by Wally Richards


With some areas experiencing a lot of rain lately it is a good time to look at how to prevent damage and losses in your gardens.

There is a range of plants we call bog plants and they just love living in wet soil and even in water which makes many of them suitable to use in aquariums for your fish to enjoy.

But even in an aquarium, oxygen is needed so we place a air stone connected to an air pump to bubble away under water and aerate the water.

If we did not do this the oxygen in the water would be used up and then the fish would suffocate and likely even the plants would die as the water became stagnant.

By the way if you want to remove the chlorine from a bucket of chlorinated water simply put a air stone connected to a air pump and let it bubble away and within about 12 hours or less the water will be free of the poisonous chlorine.

Very wet soil loses the oxygen and that becomes deadly for the roots of plants.

Some plants are fairly hardy against wet feet where others soon have root rot happen and when enough roots are damaged the plant dies.

It does not matter if some of the roots are in very wet soil or water as long as there are more roots that are above the wet area.

I can give a good example of this as one place I lived in years ago would be a lake of water in the back section during wet winters.

Many attempts of growing ornamentals were hopeless so I planted a twisted willow in the corner which was the wettest area and it very quickly grew.

Then I also planted a couple of cabbage trees both of which took off and as these and the willow grew they helped greatly in taking up the surface water.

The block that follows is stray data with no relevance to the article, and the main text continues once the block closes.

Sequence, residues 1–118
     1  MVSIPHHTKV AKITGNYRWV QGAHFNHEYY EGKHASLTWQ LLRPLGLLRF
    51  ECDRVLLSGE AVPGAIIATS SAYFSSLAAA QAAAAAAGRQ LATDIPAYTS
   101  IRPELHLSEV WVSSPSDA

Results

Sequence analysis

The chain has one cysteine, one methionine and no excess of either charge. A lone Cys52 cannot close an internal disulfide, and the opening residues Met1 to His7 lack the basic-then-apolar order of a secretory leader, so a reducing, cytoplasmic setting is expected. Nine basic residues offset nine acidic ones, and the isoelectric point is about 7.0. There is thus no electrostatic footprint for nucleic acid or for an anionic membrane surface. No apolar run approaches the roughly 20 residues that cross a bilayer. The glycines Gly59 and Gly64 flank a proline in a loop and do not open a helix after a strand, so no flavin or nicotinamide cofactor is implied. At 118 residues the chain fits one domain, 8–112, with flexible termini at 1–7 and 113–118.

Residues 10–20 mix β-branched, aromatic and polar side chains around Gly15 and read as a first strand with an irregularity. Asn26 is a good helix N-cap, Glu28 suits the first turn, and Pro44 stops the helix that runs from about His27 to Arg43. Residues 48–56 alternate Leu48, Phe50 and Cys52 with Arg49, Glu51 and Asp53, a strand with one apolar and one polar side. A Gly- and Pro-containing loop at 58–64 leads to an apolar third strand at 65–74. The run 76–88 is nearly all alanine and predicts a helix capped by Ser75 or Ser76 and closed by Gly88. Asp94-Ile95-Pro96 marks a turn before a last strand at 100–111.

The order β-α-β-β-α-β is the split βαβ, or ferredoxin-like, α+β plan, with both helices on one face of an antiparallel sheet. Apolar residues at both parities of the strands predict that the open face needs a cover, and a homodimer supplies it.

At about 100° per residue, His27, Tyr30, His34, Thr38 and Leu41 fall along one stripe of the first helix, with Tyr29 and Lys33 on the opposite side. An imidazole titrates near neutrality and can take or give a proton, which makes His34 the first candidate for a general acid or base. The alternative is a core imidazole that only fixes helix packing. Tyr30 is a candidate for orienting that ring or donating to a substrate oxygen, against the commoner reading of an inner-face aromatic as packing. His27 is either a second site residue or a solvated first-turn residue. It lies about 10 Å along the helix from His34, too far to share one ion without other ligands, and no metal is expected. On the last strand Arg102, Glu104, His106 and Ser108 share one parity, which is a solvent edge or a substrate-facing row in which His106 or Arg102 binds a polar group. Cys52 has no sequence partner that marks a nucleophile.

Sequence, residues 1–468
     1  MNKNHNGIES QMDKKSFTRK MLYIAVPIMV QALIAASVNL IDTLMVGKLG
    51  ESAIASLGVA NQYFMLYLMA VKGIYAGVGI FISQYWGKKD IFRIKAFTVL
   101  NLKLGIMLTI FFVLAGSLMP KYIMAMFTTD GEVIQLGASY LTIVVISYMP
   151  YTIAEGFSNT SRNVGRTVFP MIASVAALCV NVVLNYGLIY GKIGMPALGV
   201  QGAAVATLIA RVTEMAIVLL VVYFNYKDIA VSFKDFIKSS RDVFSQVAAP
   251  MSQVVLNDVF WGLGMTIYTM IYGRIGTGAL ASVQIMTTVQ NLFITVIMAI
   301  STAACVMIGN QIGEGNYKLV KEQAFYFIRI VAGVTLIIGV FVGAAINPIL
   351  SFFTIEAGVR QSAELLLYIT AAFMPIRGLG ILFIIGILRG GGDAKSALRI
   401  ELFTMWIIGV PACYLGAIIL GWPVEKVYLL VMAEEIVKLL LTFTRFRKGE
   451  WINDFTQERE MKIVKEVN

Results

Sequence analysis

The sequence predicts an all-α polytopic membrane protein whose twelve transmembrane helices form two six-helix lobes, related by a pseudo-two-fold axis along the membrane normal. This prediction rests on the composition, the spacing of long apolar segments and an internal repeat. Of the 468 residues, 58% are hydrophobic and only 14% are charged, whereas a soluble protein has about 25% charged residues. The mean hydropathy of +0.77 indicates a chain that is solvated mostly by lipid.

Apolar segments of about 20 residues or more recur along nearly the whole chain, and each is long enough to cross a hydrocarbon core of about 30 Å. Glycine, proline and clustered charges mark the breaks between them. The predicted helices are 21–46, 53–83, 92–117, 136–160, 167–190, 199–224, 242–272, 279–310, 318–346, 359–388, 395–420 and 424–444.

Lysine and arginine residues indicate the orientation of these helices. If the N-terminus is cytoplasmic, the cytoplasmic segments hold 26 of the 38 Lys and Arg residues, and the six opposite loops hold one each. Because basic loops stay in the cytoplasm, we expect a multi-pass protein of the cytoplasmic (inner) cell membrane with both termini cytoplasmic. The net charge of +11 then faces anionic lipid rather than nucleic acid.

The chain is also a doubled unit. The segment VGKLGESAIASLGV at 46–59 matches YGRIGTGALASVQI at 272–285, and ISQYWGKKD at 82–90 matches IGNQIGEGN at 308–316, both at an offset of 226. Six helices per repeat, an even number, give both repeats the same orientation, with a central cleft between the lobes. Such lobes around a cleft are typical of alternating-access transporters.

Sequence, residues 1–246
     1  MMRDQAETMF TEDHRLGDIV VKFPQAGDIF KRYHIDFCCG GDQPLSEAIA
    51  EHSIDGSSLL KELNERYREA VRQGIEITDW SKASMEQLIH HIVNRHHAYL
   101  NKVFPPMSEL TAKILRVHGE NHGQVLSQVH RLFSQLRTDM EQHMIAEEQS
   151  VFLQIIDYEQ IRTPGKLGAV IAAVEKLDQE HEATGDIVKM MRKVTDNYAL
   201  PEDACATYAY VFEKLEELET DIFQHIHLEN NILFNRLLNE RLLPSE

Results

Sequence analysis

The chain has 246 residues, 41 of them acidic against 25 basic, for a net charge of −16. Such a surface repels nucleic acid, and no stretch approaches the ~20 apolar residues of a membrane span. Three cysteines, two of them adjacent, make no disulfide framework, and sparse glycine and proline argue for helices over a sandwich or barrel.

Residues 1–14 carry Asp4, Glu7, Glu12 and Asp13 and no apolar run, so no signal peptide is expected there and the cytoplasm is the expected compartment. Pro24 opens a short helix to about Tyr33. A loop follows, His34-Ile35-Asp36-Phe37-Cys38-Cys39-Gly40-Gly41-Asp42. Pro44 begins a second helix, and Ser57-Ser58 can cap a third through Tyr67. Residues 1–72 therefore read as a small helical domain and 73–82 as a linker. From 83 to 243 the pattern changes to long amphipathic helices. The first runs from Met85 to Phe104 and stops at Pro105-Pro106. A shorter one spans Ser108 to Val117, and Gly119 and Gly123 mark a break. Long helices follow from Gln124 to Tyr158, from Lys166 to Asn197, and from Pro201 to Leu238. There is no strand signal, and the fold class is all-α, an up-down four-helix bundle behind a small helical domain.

After a season I was able to plant a few other native plants that were able to survive as the area was less wet.

My citrus were a problem so I cut some 200 litre drums in half, drilled some large 4-5 cm [1.5 – 2 inch] holes in the sides about 10cm above the base.

This meant in dry times there would be a nice reservoir of water to keep the citrus happy.

I then dug a hole so the bottom third of the drum would be buried in the surrounding soil.

This made them stable in windy times when the citrus gained some height.

It also allowed the roots later on to venture out of the drum and into the surrounding soil.

The result of this was that in the middle of winter when the back yard was a a lake of water the citrus were ‘as happy as Larry’.

When I came to move to another place I lifted the drums (with a lot of effort) and was surprised at the large roots that had grown out of the holes on the sides.

As a good part of the root system was above water the citrus was not affected by wet feet.

The alternative to this would have been to make mounds about half a metre tall and plant citrus trees in these.

Years later after another move to where we are now in Marton the same citrus trees are happily living in the same drums sitting either on soil in the lawn or on concrete. Of course, every few years I need to take them out of the containers and root prune them.